Editorial | The Foreclosure Settlement

February 11, 2012

Too Many Unanswered Questions, and Too Little Relief


The $26 billion foreclosure settlement between the big banks and federal and state officials is a wrist slap compared with the economic damage wrought by the banks in the housing bubble and bust, and the hardships faced by the 4 million homeowners who have lost their homes and 3.3 million more who are in or close to foreclosure.


The big redeeming feature is that the deal was crafted to allow for further investigation into mortgage abuses that led to the financial meltdown. And President Obama has vowed to follow it up with an expanded inquiry that is supposed to produce broader accountability and a far larger payout. He has to make good on that promise.



At best, this round of relief will reach about two million former and current homeowners. Under the agreement, banks will grant some $10 billion worth of principal reduction, $3 billion in refinancings and $7 billion in other mortgage relief, like forbearance for unemployed borrowers, covering roughly one million borrowers in total. Another $1.5 billion will be cash payments of about $2,000 to some 750,000 borrowers who were treated unfairly in foreclosures from 2008 through 2011.


And $3.5 billion will go to state and federal governments for what has been described as resources for legal aid and other counseling for borrowers facing foreclosure. Such aid is vitally important, but it appears that the earmarked money also could be used to plug state budget holes, rather than empower homeowners in their fights against the banks. That would be a mistake.


What do banks get in exchange for the relief? The answer, in short, is a sweet deal.


The banks did not get the blanket release they originally sought from legal liability for all manner of mortgage misconduct. But the settlement still shields them from state and federal civil lawsuits for most foreclosure abuses, including the wrongful denial of loan modifications, excessive late fees that enriched the banks but could make it impossible for borrowers to catch up on late payments, and conflicts of interest that led banks to favor foreclosures over modifications. Going forward, the banks will have to adhere to tougher standards for servicing loans and executing foreclosures. But past sins in servicing and foreclosure are largely absolved.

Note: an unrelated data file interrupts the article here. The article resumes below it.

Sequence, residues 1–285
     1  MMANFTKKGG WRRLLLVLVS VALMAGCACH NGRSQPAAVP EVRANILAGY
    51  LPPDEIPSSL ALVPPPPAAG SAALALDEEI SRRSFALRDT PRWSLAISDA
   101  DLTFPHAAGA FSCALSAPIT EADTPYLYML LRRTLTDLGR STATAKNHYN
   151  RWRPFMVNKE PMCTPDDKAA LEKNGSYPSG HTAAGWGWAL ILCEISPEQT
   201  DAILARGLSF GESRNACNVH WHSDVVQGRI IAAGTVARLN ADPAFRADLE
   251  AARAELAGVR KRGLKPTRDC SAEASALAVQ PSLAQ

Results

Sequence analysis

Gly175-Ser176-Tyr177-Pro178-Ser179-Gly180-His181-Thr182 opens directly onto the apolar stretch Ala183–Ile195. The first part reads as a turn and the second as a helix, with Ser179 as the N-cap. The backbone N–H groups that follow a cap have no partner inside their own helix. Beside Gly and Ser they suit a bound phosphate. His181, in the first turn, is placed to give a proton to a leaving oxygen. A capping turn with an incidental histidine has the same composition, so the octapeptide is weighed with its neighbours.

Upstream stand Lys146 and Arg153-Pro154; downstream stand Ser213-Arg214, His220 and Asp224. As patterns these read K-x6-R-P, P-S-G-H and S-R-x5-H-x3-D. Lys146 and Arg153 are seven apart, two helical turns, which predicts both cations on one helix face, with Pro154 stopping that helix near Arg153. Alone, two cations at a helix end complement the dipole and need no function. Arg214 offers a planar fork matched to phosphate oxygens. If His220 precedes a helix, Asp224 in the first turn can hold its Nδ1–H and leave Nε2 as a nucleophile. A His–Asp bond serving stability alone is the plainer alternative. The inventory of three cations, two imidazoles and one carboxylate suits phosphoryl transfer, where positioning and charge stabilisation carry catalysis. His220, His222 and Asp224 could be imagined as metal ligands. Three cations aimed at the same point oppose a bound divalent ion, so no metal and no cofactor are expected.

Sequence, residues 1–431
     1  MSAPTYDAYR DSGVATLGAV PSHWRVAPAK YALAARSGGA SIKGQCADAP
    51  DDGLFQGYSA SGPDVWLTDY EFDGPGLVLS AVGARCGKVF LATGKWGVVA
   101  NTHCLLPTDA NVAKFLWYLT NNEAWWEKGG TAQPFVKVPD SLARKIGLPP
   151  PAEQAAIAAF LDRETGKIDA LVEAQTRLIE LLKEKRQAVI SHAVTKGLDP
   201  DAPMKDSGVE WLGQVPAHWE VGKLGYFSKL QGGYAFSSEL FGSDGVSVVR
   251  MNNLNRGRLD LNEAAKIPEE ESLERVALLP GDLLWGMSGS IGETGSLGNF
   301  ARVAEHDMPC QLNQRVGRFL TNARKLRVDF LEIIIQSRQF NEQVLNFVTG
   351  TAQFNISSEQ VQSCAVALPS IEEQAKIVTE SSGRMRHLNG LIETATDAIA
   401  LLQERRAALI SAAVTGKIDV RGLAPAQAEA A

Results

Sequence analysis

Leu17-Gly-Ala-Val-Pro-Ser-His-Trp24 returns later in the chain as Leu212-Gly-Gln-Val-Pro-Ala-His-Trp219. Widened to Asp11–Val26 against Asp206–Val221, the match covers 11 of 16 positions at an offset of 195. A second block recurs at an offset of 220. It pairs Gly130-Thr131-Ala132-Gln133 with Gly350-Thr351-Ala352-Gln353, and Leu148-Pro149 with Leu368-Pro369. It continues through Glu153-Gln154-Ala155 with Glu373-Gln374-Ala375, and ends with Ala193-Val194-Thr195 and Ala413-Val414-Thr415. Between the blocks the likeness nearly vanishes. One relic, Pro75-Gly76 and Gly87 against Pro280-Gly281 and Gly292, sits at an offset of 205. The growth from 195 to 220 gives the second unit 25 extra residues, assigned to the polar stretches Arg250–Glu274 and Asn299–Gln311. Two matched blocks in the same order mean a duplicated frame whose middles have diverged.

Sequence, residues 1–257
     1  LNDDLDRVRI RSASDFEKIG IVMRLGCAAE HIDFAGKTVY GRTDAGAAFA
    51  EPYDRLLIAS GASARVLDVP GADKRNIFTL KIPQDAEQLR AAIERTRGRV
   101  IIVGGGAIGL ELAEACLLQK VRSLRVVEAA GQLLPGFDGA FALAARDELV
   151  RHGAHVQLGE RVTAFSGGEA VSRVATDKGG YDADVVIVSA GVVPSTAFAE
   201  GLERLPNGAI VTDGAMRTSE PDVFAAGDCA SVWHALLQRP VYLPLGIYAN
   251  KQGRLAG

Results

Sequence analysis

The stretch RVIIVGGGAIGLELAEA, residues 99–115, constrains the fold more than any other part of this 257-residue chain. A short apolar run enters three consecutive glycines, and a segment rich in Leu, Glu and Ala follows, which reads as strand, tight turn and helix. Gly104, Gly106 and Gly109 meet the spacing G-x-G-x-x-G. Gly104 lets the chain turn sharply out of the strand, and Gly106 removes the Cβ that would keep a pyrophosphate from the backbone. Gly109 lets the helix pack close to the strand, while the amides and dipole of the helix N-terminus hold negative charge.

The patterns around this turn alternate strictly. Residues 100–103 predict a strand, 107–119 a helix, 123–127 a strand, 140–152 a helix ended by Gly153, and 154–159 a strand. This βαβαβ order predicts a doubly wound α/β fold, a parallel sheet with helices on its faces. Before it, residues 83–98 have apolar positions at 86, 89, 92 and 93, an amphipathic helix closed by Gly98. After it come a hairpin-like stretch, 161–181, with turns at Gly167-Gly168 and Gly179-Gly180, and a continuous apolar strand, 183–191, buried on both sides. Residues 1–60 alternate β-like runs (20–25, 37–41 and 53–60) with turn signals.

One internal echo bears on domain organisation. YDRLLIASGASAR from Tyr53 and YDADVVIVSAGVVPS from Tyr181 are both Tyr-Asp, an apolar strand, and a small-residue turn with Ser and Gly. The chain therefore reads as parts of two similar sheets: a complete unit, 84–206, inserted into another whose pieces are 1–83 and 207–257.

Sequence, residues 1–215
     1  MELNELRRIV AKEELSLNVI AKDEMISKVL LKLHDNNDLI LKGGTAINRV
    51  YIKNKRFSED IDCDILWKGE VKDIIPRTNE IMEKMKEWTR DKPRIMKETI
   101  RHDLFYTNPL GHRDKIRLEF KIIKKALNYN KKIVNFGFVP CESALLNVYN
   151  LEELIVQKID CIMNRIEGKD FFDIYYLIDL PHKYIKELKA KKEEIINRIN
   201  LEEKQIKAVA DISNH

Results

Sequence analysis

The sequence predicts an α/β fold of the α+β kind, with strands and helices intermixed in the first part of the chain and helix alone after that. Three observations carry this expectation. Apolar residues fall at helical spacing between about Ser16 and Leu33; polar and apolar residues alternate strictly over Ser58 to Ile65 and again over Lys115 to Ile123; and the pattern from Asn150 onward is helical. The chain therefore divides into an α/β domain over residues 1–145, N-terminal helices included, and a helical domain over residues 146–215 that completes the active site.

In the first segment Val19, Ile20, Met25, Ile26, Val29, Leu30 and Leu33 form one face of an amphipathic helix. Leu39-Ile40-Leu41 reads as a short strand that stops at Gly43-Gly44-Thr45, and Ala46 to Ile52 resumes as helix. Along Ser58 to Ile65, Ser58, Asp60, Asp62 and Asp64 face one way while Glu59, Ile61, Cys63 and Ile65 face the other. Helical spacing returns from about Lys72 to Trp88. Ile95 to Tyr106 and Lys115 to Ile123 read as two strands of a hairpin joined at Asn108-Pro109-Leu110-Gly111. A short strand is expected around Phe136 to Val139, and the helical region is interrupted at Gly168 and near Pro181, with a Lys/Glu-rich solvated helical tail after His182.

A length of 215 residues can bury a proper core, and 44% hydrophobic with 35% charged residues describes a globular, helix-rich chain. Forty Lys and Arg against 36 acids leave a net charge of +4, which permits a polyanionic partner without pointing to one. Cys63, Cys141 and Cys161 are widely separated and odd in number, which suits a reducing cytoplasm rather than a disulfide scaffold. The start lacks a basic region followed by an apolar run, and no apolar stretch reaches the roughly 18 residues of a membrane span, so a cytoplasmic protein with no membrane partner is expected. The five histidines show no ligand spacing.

The banks are not off the hook for criminal prosecutions related to the mortgage mess or for private lawsuits. They are also not off the hook for wrongdoing in their aggressive pooling of mortgages into securities and other practices that inflated the bubble. Thanks for the settlement’s narrower legal releases goes to New York’s attorney general, Eric Schneiderman, and a handful of other state attorneys general, who refused to accept a deal that would have blocked further legal action.


Which brings us back to the question of whether a new investigation will indeed get off the ground. We are skeptical. The Obama administration squandered several months resisting Mr. Schneiderman’s insistence on a broader investigation, raising questions about its willingness to now get tough with the banks and bankers. As a practical matter, that delay has allowed some potential violations to draw closer to expiration under statutes of limitation.


We applauded President Obama’s decision to appoint Mr. Schneiderman as a co-chairman of the new investigation, along with officials from the Justice Department, the Securities and Exchange Commission and other agencies. But there still needs to be a huge commitment of resources or the effort will never get to the bottom of the wrongdoing.


In an election year, the White House clearly wants credit for doing more to help homeowners. The settlement, properly enforced, could be a step in the right direction. But it is not nearly enough. President Obama will need to press his own administration hard to deliver an unsparing follow-on investigation that results in more clarity, more money and more justice.

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